Carla, on the other hand, will want to run everything by her team. She’s probably more personable than Adam and easier to deal with, but it won’t just be her objections that you’ll need to respond to, but those of all her colleagues as well. It also means that decisions will take quite a bit longer and get the sign-off of multiple people. Unlike Adam, who is motivated by getting the credit of having made a winning decision, Carla is motivated by the fear of catching the blame for a bad one.
You have a lot of flexibility with how you display that information on the profile. You could do it all in bullet points, for example, which is great for conveying information but it takes effort to decipher at first glance.
Visual aids such as filled bars and sliding scales will go a long way to making a profile more readable and make it easier to make side-by-side comparisons of the difference in strength or aptitude of different traits between them, here’s one example of a B2C persona:
Here are a few more designed by Arthur Chayka via Dribbble :
B2B personas can also be designed in different ways, such as this one from Fastmarkit’s Suttida Yang:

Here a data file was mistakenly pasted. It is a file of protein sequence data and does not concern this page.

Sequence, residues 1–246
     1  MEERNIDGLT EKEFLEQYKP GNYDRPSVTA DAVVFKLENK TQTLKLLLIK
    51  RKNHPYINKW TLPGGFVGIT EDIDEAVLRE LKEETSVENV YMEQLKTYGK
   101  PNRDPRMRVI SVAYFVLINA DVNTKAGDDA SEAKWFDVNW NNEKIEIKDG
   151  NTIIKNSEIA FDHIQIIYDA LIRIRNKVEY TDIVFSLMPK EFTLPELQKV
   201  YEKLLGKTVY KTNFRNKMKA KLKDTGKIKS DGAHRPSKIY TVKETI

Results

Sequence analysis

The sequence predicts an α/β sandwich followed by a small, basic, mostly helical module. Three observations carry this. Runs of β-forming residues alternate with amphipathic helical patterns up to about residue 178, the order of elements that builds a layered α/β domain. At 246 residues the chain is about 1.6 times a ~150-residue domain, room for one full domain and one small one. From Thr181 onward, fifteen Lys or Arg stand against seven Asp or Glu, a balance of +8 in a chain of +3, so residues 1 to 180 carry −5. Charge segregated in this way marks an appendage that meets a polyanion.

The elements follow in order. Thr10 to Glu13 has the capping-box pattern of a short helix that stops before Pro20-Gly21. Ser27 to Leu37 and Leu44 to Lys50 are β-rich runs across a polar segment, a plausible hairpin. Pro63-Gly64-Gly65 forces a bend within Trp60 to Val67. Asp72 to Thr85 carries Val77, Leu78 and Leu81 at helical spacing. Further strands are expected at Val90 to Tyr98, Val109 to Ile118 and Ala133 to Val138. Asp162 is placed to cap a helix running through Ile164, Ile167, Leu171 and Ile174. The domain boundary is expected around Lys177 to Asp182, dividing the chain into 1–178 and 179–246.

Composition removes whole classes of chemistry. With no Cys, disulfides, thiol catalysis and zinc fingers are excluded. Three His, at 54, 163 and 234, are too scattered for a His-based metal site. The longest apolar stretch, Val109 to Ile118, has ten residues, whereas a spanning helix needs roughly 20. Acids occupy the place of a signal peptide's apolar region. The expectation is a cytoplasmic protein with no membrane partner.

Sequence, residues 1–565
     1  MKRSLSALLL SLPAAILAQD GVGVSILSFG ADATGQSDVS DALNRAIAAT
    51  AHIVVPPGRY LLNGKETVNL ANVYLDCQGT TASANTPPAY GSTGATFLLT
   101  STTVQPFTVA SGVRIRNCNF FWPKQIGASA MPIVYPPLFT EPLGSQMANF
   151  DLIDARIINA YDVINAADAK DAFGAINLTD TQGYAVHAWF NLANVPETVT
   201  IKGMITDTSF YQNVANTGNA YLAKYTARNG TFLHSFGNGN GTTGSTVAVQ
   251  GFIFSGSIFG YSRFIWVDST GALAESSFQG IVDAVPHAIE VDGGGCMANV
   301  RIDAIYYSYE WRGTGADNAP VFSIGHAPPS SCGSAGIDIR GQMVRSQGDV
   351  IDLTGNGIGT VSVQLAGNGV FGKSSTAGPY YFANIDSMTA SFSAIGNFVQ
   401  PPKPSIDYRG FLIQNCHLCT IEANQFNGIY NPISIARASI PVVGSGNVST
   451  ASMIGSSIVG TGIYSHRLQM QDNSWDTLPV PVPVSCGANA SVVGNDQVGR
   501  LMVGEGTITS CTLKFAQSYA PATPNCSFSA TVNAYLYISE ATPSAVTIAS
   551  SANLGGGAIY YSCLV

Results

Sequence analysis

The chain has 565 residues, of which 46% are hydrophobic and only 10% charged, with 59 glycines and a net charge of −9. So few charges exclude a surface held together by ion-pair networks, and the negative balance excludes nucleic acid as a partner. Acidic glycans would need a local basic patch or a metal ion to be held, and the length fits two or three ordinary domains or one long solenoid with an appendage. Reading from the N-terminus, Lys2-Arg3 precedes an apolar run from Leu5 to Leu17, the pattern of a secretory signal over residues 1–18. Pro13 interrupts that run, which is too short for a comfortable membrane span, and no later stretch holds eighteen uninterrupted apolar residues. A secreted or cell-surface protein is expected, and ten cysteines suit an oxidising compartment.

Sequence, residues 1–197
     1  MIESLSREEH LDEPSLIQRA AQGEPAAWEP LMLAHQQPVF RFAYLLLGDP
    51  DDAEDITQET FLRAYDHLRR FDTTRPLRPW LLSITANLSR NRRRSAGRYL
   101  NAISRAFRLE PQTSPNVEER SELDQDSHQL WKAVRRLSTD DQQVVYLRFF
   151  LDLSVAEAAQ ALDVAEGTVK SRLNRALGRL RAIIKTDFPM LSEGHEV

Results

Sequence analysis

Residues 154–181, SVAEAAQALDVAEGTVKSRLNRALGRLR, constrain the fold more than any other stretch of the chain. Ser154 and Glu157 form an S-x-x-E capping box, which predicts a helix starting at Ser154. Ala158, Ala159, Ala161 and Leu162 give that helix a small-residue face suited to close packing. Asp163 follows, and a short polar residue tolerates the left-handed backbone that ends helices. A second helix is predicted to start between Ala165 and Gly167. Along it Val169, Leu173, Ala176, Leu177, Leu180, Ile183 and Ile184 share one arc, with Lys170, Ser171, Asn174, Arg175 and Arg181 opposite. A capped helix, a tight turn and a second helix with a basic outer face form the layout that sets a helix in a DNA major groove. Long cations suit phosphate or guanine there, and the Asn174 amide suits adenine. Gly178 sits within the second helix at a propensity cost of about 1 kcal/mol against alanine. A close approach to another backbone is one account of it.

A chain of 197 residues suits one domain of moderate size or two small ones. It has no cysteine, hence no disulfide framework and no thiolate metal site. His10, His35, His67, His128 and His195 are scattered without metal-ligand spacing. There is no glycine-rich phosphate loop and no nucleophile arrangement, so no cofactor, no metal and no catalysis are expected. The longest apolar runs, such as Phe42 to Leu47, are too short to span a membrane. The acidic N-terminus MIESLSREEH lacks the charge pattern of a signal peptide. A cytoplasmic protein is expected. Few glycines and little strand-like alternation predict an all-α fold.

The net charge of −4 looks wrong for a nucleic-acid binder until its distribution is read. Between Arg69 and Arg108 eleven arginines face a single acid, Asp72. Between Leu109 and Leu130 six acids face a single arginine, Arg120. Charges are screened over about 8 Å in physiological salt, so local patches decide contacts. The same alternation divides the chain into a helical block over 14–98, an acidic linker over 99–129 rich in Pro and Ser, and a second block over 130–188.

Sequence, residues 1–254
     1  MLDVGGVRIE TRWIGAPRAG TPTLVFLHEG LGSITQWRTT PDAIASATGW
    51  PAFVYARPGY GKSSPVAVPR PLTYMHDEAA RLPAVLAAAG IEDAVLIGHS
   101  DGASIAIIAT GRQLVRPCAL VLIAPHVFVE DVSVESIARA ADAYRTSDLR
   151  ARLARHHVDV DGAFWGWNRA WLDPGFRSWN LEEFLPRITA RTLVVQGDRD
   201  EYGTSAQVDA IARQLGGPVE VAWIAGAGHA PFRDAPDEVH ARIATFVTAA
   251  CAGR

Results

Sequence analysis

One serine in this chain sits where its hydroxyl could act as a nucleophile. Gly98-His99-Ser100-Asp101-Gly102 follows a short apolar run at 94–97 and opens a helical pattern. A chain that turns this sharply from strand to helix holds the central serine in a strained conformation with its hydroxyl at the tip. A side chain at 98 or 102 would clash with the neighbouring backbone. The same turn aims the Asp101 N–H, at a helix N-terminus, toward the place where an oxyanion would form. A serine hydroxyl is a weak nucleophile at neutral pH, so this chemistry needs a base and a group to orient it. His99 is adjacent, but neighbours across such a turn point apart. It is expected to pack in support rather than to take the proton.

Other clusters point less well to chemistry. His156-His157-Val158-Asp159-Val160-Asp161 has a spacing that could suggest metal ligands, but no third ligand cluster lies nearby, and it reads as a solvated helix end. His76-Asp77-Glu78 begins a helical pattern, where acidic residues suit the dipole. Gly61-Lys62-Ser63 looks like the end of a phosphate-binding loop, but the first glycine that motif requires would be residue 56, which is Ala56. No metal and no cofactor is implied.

This one from Cooler Insights:
And this one from Buyer Persona Institute, which also features a series of tabs across the top that open to even more detailed sub-sections:
Beyond just the marketing itself, having a deep understanding of your personas can help you with some bigger business decisions you could make down the line. For example, if you find yourself in a position where you could potentially strike a partnership or collaboration with another brand or an influencer, you’ll have a pretty good idea of whether or not your customers would be on board and the extent to which it would make them do more business with you in the future.
The name of the game, ultimately, is empathy. The whole point of fleshing out a character for your customers is so that you can put yourself in their shoes and see things their way to work out how best to reach them.
Remember that nothing is set in stone. All things change with time, including your customers’ preferences, personalities, and habits, so these personas are living documents and you need to be ready to revisit them continuously as you learn more about your clients.
Threecolts acquires, launches, and grows eCommerce software & services, and owns other stellar businesses including Old Street Media, HotShp, SellerBench, Tactical Arbitrage, Bindwise, RefundSniper, ChannelReply, and FeedbackWhiz.